Roman mosaics found in Syria

Archaeologists excavating the Faydht Marina archaeological site in central Syria have uncovered mosaics from the Byzantine era (between the fall of Jerusalem in 70 AD and the Muslim conquest in the 7th century). Byzantine coins recovered at the site date to the 5th century, but that doesn’t mean the mosaic dates to the same time. Pottery fragments from the Islamic era and the later Ottoman and Mamluk eras were also found.

Head of the archaeological mission Abdullah Basal said that the mosaic painting was greatly damaged as it is too close to the surface of a dusty road.

The uncovered parts revealed images for some kind of bird, almost a duck or a peahen, and a leopard separated with a grapevine decoration, he added. A head for a man riding upon an animal still covered while another head at the upper part of the painting was approximately revealed.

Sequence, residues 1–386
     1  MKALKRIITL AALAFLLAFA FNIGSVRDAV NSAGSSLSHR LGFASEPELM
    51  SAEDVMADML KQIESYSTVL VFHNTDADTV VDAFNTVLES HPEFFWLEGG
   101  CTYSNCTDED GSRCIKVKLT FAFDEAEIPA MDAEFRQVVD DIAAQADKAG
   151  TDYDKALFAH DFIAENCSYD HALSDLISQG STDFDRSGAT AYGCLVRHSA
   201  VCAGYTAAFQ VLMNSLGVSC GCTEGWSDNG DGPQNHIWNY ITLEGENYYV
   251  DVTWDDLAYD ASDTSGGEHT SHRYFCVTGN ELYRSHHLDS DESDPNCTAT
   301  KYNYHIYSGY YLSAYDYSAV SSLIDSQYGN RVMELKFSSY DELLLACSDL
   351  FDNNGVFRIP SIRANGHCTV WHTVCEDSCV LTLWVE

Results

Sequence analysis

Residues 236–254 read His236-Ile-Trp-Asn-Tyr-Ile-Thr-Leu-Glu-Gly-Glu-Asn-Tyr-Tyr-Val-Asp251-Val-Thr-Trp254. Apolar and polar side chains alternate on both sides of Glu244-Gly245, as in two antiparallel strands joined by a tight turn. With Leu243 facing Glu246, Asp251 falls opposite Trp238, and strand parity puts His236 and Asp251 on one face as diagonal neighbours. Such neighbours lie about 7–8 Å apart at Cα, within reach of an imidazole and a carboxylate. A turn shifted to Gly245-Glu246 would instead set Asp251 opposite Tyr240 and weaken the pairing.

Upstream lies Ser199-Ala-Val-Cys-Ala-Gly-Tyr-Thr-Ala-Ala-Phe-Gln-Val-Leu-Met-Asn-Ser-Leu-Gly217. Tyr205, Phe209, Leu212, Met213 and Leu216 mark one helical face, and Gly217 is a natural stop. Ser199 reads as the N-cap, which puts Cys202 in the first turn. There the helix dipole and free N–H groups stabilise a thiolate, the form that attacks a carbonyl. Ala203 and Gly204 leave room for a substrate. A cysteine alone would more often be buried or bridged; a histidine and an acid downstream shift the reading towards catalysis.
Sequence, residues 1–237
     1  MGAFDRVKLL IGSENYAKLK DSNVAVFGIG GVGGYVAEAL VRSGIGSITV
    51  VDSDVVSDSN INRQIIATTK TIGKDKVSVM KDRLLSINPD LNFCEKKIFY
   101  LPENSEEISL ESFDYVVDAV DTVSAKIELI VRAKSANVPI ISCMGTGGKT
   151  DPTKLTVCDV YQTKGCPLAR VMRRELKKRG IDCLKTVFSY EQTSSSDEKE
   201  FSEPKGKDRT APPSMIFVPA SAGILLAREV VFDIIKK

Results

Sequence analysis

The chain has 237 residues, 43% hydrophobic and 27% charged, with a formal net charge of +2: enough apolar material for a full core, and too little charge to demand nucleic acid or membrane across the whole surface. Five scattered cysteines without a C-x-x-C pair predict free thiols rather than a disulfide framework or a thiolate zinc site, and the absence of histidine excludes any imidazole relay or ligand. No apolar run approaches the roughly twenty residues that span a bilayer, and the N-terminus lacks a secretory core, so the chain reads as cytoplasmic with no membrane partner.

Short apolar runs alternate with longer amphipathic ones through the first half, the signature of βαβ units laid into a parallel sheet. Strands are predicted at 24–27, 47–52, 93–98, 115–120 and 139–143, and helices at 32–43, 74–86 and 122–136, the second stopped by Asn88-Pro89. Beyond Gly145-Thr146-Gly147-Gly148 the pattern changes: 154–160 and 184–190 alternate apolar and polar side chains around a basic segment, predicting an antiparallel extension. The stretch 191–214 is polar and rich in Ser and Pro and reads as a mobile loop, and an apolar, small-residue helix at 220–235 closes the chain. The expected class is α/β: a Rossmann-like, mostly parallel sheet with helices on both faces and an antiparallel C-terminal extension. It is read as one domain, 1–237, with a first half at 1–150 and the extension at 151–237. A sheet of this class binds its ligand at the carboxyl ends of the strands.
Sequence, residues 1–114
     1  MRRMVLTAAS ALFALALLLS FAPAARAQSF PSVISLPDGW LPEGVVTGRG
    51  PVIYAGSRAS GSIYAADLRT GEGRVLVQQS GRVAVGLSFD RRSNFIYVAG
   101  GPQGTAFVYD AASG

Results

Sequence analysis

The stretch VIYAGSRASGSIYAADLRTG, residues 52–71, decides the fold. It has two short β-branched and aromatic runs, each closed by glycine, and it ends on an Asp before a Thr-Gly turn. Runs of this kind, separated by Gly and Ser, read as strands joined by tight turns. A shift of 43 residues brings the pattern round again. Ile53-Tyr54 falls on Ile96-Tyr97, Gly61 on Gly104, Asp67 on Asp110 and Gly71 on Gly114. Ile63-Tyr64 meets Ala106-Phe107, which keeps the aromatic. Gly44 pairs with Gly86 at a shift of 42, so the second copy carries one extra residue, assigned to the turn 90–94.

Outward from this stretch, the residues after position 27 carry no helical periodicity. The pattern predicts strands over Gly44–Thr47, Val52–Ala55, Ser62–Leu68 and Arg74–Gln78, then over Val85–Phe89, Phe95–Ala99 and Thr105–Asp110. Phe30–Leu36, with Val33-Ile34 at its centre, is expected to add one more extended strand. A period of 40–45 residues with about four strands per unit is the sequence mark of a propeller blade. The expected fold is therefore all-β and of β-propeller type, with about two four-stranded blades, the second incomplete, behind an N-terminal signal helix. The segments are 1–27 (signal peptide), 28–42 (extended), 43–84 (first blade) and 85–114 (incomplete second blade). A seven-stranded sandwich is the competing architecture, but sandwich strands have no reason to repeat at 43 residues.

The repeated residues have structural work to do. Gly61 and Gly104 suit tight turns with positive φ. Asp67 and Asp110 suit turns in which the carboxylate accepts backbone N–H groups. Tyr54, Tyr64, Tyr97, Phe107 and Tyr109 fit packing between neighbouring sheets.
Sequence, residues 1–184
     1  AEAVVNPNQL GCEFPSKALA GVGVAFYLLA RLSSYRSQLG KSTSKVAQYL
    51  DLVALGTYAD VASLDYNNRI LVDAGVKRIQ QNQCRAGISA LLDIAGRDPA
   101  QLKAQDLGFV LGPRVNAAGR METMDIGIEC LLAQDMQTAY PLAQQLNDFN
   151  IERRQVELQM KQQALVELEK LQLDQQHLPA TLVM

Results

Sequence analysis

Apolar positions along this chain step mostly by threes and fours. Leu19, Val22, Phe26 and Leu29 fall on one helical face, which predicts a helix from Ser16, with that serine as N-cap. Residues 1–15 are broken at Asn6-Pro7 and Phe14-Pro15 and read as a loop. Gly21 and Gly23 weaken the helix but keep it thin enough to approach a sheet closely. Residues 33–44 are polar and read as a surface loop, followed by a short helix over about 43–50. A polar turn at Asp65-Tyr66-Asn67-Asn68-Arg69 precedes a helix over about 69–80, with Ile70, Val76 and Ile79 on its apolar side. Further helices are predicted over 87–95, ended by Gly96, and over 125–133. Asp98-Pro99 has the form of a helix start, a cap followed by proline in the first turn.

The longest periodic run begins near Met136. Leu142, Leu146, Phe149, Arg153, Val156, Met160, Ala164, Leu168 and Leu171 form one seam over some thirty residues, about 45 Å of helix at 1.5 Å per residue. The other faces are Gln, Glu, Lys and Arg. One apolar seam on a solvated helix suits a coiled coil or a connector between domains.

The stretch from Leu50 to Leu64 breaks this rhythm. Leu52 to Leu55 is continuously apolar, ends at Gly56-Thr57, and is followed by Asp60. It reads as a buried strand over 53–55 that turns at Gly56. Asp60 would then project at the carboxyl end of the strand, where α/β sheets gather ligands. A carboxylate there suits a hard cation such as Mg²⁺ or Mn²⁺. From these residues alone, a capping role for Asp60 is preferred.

Basal said that the main theme of the painting was said to symbolize an ancient Roman legend inspired by the surrounding environment at that time[.]

The lime floor was found two meters under the road surface.

Byzantine mosaic found in central Syria Archaeologist excavates Byzantine mosaic

2 thoughts on “Roman mosaics found in Syria

  1. Your link seems to be broken, but in Syria do they normally date the Byzantine era to the fall of Jerusalem rather than the foundation of Constantinople by Constantine?

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